Afterwards, Terry Hoeppner said a second-half formation change put Indiana in a personnel grouping that limited its success in stopping the Gophers on the ground. Minnesota lined up in a one tight end, three wide receiver set frequently in the second half and ran with great success out of the formation. That spread the Hoosier defense out, and a very good Minnesota offensive line was able to open some big holes for Russell and Maroney to run through.

Pass Defense – D+
Minnesota didn't have to rely on the pass a great deal, but when they did opt to throw, Bryan Cupito did so with plenty of success. Cupito completed 16-of-26 passes for 225 yards and a touchdown.

Cupito didn't attempt a single pass in the fourth quarter and threw only four second half passes overall, but he completed all of them for 67 yards during the Gophers' big third quarter. His favorite target was tight end Matt Spaeth, who slipped out side on a couple of occasions for big gains and also had a 17-yard touchdown.

Indiana put very little pressure on Cupito, who wasn't sacked all day. That's nothing new, though, as Cupito has only been sacked three times this season. With time to throw, life wasn't easy for cornerbacks Leslie Majors and Tracy Porter, who combined for zero pass breakups. Indiana's only pass breakup came from safety Troy Grosfield, who made a nice diving breakup on a throw intended for Spaeth that forced a Gopher punt.

Indiana had hoped to be creating plenty of turnovers with its play defensively this season, but it didn't happen Saturday, and it hasn't happened this season for the most part. Minnesota had zero turnovers Saturday, and Indiana has only two interceptions in its last four games. Indiana has forced 15 turnovers in nine games this season (9 fumbles, 6 interceptions), and it is a -4 overall in turnover margin.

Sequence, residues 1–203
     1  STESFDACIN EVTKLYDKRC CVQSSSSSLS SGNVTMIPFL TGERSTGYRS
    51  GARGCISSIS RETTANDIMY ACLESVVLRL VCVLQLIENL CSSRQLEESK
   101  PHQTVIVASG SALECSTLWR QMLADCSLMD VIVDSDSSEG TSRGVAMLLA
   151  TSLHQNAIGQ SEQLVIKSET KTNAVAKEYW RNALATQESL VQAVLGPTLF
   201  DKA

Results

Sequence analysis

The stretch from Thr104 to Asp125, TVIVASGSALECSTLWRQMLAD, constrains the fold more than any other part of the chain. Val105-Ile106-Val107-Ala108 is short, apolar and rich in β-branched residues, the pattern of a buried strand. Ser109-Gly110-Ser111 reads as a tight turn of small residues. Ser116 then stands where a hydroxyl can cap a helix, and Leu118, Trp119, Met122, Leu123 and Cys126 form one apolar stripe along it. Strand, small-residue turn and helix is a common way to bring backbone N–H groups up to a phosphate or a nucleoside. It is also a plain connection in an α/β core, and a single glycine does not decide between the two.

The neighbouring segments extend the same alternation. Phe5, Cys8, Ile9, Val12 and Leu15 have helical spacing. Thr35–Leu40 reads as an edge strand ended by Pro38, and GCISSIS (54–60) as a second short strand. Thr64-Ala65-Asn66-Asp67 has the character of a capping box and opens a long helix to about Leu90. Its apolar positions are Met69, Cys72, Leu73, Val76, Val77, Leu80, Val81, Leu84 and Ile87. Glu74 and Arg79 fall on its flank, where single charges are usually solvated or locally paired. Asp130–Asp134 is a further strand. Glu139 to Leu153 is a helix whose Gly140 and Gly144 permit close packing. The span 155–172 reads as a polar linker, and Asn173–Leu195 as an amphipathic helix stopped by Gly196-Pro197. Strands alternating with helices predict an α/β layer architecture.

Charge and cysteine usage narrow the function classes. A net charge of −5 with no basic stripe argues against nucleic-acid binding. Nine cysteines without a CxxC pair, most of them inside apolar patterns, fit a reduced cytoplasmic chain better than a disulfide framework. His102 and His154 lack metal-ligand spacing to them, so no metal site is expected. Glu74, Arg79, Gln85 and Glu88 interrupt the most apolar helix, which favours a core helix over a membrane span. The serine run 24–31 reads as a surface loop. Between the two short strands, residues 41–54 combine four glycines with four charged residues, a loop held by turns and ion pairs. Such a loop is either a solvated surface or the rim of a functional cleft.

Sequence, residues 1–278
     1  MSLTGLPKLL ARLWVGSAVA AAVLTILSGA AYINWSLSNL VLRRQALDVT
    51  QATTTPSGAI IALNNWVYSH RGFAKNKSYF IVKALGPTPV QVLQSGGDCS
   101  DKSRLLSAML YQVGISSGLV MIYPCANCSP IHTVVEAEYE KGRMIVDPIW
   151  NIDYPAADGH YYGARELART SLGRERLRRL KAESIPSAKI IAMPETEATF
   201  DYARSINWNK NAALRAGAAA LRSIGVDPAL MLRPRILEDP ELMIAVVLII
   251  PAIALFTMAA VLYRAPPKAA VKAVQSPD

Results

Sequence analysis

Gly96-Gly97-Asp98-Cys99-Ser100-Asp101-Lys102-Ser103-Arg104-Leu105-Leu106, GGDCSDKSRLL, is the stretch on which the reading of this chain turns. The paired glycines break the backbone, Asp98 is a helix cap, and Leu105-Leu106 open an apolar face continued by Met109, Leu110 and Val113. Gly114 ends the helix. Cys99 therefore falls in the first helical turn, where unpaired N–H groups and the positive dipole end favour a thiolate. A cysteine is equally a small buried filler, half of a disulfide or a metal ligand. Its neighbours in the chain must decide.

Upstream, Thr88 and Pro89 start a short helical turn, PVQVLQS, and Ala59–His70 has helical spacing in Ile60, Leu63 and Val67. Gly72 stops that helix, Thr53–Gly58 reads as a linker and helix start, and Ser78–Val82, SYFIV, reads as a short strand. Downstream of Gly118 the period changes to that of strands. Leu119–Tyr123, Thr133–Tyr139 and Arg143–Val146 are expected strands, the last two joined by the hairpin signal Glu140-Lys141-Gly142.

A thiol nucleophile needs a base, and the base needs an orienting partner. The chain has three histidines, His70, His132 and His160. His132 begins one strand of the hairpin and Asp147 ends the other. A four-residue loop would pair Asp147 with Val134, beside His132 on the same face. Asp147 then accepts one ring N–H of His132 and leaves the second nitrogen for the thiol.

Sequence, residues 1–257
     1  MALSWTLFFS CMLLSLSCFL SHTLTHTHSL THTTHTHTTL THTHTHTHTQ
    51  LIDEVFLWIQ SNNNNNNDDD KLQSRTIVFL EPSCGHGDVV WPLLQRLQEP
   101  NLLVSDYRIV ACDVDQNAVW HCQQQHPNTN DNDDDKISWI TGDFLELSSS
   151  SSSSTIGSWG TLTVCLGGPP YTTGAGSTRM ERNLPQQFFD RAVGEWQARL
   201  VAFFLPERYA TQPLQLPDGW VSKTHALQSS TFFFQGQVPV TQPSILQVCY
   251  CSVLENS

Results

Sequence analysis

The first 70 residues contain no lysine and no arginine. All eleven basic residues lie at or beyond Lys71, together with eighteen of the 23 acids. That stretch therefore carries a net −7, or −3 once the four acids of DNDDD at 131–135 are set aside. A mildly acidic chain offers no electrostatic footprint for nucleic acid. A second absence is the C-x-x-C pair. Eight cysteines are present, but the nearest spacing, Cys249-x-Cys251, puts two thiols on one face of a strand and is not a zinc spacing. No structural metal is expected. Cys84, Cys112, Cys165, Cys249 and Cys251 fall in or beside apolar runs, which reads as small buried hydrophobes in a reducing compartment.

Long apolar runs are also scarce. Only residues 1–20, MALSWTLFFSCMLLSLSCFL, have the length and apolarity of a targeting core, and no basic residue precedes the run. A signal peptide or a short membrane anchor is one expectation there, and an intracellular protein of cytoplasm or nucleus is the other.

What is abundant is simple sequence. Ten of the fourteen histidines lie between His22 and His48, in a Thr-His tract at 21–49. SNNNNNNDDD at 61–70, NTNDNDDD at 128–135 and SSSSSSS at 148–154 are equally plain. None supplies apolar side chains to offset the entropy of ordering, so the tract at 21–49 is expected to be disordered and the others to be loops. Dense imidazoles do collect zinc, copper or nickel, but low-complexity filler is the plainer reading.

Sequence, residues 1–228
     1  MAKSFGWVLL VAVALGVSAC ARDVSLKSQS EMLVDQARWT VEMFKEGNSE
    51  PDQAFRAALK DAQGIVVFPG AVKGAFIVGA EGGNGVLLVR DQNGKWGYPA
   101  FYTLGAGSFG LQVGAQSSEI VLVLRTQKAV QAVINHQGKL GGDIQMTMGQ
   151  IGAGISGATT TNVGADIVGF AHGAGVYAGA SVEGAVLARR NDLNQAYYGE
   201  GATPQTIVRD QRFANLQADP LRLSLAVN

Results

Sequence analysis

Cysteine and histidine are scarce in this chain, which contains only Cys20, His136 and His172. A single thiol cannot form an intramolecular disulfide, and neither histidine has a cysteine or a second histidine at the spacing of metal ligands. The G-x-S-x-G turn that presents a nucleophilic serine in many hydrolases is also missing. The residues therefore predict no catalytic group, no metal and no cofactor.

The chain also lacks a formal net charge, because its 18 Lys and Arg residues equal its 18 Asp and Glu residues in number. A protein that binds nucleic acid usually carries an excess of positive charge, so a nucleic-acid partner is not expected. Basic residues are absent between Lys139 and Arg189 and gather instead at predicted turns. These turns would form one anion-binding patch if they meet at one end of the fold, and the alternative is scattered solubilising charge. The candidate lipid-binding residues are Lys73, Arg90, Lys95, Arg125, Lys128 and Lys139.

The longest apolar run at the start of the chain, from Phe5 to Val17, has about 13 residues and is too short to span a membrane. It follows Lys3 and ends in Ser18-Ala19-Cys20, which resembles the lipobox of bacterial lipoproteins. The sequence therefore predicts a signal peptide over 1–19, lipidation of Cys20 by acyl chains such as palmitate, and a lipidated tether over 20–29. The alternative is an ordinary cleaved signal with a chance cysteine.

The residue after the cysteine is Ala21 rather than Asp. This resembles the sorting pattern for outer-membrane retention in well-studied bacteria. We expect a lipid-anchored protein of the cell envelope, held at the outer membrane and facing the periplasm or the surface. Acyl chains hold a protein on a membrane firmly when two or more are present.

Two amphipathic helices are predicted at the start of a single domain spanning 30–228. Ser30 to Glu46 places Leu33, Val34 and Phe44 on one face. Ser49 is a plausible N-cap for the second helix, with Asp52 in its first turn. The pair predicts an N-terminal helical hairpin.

Special Teams – C
Indiana's special teams didn't do what it did in each of the last weeks when it gave up a return for a touchdown, but the special teams also didn't come up with any sort of big plays to give Indiana the sort of lift it might have needed to spring the upset.

That could have come early in the fourth quarter, when Indiana attempted an on-side kick with 9:21 remaining while trailing, 34-21. But Joe Kleinsmith couldn't get the sort of hop he was looking for on the attempt and the Gophers recovered it easily. The kickoff team also had another odd play in the second quarter, when Austin Starr attempted a pooch kickoff, but it went only 21 yards and was fair caught at the Minnesota 44. The pooch kick was certainly the coaching staff's call, although the ball was presumably supposed to be kicked to around the Minnesota 20 to an up man, not the Minnesota 45.

Indiana's return men didn't get much of a chance to make a play either thanks to the wind. Minnesota kicked off seven times Saturday, but six of those kicks were with a 15-20 mile per hour wind at kicker Jason Giannini's back. Four of those kickoffs went for touchbacks, while another went out of bounds and Indiana started its second-half opening drive at its own 35.

The special teams didn't stick out like a sore thumb Saturday, but it didn't shine, either. For a team looking to bring an end to a three-game losing streak, a momentum-altering special teams play could have been a big part of that. It didn't happen.

Overall – D
Indiana played some of its best football of the season in the second quarter when it outscored Minnesota 14-0, outgained the Gophers 158-108, and put itself in position get a much-needed win with a strong effort in the second half. But in the first, third and fourth quarters, the Gophers had their way with Indiana. Ultimately, Indiana couldn't run the ball and it needed to, and it couldn't slow down the Gophers on the ground at all. Top Stories